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Memphis theater pulls ‘Gone with the Wind’ amid online backlash
The movie was pulled for being racially insensitive to Black Americans.
One Memphis theater thinks it’s time to place Gone with the Wind back on the shelf. After 34 years of screening the film, the Orpheum Theatre retired Gone with the Wind from the theater’s summer movie series.
Gone with the Wind was previously played during a series of summer films from June to August. This year’s line-up included Willy Wonka and the Chocolate Factory, Breakfast at Tiffany’s, and Dirty Harry, among others. But after originally announcing the film’s 2017 screening, the theater received numerous complaints online, with critics focusing on the film’s sanitized view of slavery and the Antebellum South. So after showing the movie on Aug. 11, the Orpheum announced last Friday that Gone with the Wind will not be shown next year.
“As an organization whose stated mission is to ‘entertain, educate and enlighten the communities it serves,’ the Orpheum cannot show a film that is insensitive to a large segment of its local population,” theater president Brett Batterson said in a statement, CBS News reports.
Batterson also spoke to the Memphis Commercial Appeal about the film’s removal, explaining that the theater repeatedly debated removing the film in the past.
“This is something that’s been questioned every year, but the social media storm this year really brought it home,” Batterson said, after online complaints arose from both the public and among academics.
Most notably, Rhodes Colllege professor Charles McKinney, director of Rhodes’ Africana Studies Program, turned to Twitter to criticize the Orpheum’s film lineup for the summer. He also posted a photo of the summer screenings for the theater, revealing that only two films actually feature prominent Black characters: Coming to America and Gone with the Wind.
— Charles W. McKinney (@kmt188) July 13, 2017
While Gone with the Wind’s 2017 screening coincided with the white supremacist Charlottesville protests during the weekend of Aug. 11, the Orpheum claims that the film sparked controversy long before Charlottesville began. But in the wake of the protests, opinions remain as heated as ever. Some defend the theater’s decision, pointing to Gone with the Wind’s highly glorified look at the Confederacy, its racist stereotypes, and its terrible writing.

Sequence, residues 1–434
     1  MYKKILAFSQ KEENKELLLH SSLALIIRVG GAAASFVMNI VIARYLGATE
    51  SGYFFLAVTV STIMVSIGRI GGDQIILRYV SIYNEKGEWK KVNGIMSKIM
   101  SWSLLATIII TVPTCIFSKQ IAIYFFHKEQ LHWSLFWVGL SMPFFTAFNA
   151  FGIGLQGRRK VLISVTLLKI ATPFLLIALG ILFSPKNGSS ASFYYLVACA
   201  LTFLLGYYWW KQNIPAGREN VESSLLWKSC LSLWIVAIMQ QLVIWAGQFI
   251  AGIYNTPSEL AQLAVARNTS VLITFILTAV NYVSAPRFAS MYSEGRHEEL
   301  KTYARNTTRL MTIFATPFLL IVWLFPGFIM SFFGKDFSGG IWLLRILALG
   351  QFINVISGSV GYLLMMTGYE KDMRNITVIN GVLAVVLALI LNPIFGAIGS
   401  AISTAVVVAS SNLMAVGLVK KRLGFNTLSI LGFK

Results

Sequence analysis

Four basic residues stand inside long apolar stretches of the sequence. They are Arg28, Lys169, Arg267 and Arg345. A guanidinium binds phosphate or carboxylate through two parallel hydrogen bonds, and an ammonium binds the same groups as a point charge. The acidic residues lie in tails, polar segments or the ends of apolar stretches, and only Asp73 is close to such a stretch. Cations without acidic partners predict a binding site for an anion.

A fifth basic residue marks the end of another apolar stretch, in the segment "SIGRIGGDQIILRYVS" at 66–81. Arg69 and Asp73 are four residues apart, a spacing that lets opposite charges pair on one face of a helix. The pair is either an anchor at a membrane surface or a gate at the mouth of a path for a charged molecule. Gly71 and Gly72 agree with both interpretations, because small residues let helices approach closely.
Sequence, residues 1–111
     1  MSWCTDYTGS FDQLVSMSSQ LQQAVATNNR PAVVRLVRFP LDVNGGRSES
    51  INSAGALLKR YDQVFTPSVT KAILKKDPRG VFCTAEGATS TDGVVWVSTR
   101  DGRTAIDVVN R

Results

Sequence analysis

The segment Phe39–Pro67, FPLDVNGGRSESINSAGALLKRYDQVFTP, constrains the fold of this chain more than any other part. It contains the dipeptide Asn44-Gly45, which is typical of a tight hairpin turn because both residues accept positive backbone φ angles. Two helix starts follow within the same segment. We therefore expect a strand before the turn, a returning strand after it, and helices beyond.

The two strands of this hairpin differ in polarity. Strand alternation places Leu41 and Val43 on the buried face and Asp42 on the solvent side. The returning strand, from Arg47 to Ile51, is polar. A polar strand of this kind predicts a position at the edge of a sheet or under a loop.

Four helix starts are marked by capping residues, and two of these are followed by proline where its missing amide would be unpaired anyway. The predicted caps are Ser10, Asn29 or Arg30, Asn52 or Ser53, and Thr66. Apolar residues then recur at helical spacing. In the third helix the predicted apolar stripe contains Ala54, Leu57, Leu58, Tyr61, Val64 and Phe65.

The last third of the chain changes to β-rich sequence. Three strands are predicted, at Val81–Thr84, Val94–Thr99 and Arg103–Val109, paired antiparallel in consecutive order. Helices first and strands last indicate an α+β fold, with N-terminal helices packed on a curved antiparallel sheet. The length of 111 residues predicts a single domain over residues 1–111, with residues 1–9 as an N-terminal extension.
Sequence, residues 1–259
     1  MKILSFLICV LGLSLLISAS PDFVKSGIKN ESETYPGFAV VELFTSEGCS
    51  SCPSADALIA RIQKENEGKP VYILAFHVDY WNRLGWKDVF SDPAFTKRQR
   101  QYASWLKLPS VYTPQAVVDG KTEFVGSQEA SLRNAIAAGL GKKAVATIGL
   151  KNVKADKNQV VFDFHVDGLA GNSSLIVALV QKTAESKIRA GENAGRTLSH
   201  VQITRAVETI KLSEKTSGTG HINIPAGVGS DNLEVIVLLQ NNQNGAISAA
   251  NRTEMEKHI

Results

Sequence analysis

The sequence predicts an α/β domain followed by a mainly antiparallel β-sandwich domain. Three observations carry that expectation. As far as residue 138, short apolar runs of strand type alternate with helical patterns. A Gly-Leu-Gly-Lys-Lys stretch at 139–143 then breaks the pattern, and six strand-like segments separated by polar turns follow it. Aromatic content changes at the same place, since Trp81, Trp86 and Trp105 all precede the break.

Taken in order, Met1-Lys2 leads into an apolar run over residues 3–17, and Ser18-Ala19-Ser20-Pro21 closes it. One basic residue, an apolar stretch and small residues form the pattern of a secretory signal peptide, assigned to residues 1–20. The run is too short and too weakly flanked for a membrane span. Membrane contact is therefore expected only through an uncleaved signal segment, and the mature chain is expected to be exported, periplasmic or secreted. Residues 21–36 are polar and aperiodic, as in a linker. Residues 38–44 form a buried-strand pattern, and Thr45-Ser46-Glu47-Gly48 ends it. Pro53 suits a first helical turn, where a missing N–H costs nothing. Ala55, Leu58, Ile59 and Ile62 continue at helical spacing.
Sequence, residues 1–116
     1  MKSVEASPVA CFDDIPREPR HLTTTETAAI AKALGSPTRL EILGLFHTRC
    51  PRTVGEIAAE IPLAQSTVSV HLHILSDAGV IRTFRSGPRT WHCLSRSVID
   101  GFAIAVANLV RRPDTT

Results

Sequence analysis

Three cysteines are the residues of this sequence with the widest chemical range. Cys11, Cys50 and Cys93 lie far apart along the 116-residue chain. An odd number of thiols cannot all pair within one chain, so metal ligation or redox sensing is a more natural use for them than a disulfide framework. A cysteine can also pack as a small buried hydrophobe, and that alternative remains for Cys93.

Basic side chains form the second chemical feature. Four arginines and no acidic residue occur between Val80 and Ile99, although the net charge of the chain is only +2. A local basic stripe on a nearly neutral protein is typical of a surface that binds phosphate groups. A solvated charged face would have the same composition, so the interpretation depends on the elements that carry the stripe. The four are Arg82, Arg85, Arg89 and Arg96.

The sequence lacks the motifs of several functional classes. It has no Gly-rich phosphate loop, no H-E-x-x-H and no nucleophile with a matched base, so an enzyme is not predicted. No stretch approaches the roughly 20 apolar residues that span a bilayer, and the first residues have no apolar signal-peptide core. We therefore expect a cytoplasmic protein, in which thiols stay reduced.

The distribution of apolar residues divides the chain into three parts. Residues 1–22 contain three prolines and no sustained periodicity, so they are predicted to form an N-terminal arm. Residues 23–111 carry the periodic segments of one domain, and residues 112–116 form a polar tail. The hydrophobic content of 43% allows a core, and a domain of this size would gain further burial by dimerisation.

Thank God. Not the greatest movie ever.
— Denise Sanders (@Ducky5349) August 28, 2017
Why should a movie with racist beliefs and stereotypes continue to be shown if those stereotypes are offensive and outdated?
— Brianna (@briannafayee) August 28, 2017
This movie is garbage anyway. Outside of it's historically cinematic shots, it's bad. Characterizations are grossly exaggerated
— Kin The Rex (@KindesaurusRex) August 28, 2017
To everyone upset by this you can buy the DVD and use the receipt to wipe ur tears 🌈
— Caitlin O'Grady (@caitogreat) August 28, 2017
Others were not happy. Some went as far to cry censorship, arguing that the theater is erasing history.
OMG, did I REALLY just read a theatre in Tennessee is cancelling their showings of Gone with the Wind because it's "insensitive"? Speechless
— NeuroscientistPhD (@neuroscientist1) August 26, 2017
Gone with the Wind banned
Beatings for bad thinking
Freespeech begets violence on campuses
Tell us again who the fascists are
— Razor (@hale_razor) August 28, 2017
Tributes to the Confederacy have remained contentious issues in Charlottesville’s wake. Protesters toppled a Confederate monument in Durham, North Carolina, and over 20,000 online protesters signed a petition requesting a Confederate statue in Portsmouth, Virginia be replaced with a tribute to rapper Missy Elliott. President Donald Trump has since condemned Confederate statues’ removal, calling their appearance “beautiful.”
H/T CBS News
Ana Valens is a reporter specializing in online queer communities, marginalized identities, and adult content creation. She is Daily Dot's Trans/Sex columnist. Her work has appeared at Waypoint, Truthout, Bitch Media, Kill Screen, Rolling Stone's Glixel, and the Toast. She lives in Brooklyn, New York.